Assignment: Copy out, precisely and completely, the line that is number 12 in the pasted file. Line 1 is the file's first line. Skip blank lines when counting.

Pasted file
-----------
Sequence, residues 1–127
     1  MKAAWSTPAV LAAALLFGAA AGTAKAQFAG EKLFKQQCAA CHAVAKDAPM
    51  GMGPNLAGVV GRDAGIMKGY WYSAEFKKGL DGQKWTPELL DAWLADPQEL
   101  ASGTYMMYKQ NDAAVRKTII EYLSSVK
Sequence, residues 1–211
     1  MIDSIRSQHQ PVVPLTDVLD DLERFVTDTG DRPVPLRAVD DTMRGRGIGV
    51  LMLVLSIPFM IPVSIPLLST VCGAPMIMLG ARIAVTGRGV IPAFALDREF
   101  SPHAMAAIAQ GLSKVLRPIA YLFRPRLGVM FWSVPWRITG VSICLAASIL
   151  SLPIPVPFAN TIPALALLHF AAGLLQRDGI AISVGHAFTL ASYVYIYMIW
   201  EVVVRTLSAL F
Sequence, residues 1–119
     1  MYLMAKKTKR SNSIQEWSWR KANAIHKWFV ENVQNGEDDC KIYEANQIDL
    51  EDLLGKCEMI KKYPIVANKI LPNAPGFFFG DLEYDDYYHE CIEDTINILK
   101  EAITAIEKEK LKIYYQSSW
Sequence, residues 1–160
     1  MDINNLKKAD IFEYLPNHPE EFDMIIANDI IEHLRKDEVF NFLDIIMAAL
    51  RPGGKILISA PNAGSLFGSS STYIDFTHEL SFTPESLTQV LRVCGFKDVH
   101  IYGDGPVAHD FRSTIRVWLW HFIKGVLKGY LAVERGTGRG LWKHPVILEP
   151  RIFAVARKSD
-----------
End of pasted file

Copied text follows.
     1  MYLMAKKTKR SNSIQEWSWR KANAIHKWFV ENVQNGEDDC KIYEANQIDL